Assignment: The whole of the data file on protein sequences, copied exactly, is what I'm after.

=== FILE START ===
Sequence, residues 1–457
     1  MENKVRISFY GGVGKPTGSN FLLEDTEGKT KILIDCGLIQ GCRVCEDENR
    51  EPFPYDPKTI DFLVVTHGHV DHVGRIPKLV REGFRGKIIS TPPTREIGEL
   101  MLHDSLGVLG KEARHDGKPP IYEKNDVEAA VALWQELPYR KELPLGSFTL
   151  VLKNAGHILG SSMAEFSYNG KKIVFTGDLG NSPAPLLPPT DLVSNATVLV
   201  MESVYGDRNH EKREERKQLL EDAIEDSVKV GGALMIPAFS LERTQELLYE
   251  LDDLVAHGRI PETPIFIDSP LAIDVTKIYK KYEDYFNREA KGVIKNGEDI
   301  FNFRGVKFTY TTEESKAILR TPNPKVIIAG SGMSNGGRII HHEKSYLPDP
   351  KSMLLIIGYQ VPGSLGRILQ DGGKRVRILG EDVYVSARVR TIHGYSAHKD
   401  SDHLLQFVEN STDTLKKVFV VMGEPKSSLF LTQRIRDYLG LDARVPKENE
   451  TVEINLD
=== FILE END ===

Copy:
Sequence, residues 1–457
     1  MENKVRISFY GGVGKPTGSN FLLEDTEGKT KILIDCGLIQ GCRVCEDENR
    51  EPFPYDPKTI DFLVVTHGHV DHVGRIPKLV REGFRGKIIS TPPTREIGEL
   101  MLHDSLGVLG KEARHDGKPP IYEKNDVEAA VALWQELPYR KELPLGSFTL
   151  VLKNAGHILG SSMAEFSYNG KKIVFTGDLG NSPAPLLPPT DLVSNATVLV
   201  MESVYGDRNH EKREERKQLL EDAIEDSVKV GGALMIPAFS LERTQELLYE
   251  LDDLVAHGRI PETPIFIDSP LAIDVTKIYK KYEDYFNREA KGVIKNGEDI
   301  FNFRGVKFTY TTEESKAILR TPNPKVIIAG SGMSNGGRII HHEKSYLPDP
   351  KSMLLIIGYQ VPGSLGRILQ DGGKRVRILG EDVYVSARVR TIHGYSAHKD
   401  SDHLLQFVEN STDTLKKVFV VMGEPKSSLF LTQRIRDYLG LDARVPKENE
   451  TVEINLD